The information below was kindly supplied by Ian Wright BVMS, MSc, MRCVS
Babesia canis Background
Babesia canis is a parasite of canine red blood cells and a cause of potentially fatal haemolytic anaemia in dogs. Babesia canis canis is the most pathogenic sub species with Babesia canis vogeli causing less severe disease and currently limited to Southern Europe. B.canis canis infection occurs when the parasite is transmitted in the saliva of feeding Dermacentor reticulatus ticks, and occurs a few days after infected ticks bite. Infection has been acquired through blood transfusions but tick bites remain the source of infection in the vast majority of cases. The distribution of Babesia canis canis is therefore closely linked with its vector, D.reticulatus. Although until this year, the UK was thought to be free of B.canis canis, D.reticulatus is present in pockets across the South of England including Wales, Devon and Essex and this has raised concerns about the possibility of B.canis canis being introduced to the UK. There is potential for this to occur when infected dogs arrive in the UK from abroad or carry infected Dermacentor ticks from countries where the infection is already present. The increasing spread of D.reticulatus across Europe and increasing numbers in France, where many UK residents take their pets on holiday, combined with the increasing numbers of people taking their dogs on holiday year on year, means that the risk of B.canis canis establishing in the UK has been growing. These concerns were realised in February 2016 when B.canis canis was reported in three dogs from Harlow, Essex, with a fourth rapidly following in March. The dogs had not travelled abroad and testing confirmed ticks found on the infected dogs to be Dermacentor reticulatus infected with B. canis canis. This suggests that B.canis canis is now established in Essex and this pocket of infection is likely to spread. Dog owners in Essex therefore, particularly in Harlow, as well as in adjoining counties and counties known to have populations of D.reticulatus, need to be aware of the potential for B.canis canis transmission and the clinical signs of disease.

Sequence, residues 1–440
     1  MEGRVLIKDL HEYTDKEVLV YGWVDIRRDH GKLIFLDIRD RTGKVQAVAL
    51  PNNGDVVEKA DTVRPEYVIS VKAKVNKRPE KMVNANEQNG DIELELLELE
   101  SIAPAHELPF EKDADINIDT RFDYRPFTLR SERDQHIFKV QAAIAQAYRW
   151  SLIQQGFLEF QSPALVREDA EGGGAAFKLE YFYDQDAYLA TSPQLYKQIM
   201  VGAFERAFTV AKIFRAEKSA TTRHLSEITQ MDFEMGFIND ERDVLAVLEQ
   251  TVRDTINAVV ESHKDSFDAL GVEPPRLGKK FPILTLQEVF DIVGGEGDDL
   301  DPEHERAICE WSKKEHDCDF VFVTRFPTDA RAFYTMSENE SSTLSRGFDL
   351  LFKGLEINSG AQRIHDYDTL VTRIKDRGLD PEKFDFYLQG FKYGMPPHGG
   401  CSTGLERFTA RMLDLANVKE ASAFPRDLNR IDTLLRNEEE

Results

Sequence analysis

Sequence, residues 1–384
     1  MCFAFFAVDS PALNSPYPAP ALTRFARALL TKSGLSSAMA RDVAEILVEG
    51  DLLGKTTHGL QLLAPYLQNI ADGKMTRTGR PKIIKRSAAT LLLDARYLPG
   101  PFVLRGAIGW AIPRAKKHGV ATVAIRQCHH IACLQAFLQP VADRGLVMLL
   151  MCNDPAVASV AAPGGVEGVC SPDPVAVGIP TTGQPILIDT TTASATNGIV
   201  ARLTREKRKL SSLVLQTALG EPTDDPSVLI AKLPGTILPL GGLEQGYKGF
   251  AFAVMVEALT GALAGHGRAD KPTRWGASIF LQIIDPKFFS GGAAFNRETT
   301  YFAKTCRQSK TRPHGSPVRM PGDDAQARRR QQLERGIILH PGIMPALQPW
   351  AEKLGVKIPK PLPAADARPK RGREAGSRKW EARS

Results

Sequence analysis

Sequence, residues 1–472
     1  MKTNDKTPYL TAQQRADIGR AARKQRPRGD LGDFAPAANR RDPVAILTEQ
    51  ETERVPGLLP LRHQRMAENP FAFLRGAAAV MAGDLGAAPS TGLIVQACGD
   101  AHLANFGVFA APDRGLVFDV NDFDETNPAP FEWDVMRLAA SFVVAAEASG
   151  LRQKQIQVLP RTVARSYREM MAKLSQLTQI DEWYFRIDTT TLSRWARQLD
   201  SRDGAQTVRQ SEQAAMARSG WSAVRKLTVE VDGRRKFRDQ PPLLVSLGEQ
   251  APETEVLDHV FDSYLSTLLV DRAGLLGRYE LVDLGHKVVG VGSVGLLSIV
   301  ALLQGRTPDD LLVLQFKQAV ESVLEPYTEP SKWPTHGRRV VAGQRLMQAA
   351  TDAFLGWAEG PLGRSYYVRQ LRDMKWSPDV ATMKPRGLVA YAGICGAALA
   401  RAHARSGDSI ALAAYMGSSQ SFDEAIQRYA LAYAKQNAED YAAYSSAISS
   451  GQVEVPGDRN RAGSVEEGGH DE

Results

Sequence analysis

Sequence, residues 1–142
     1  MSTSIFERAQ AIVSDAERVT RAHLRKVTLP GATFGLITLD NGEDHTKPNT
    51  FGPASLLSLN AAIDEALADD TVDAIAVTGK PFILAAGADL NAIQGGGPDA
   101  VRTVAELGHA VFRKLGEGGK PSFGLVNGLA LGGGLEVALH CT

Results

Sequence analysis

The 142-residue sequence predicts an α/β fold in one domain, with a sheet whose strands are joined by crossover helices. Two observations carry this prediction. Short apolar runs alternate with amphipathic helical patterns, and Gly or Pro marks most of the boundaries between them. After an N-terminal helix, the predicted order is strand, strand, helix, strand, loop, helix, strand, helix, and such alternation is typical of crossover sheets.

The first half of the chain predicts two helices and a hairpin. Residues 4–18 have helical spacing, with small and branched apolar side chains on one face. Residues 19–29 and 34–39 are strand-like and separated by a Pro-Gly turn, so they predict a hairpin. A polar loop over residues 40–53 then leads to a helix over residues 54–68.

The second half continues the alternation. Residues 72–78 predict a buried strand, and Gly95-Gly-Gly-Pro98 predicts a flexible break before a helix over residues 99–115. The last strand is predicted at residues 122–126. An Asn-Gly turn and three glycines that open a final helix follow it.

It takes at least 24 hours for B canis to be transmitted, so owners should check their dogs daily for ticks and remove any with a tick hook.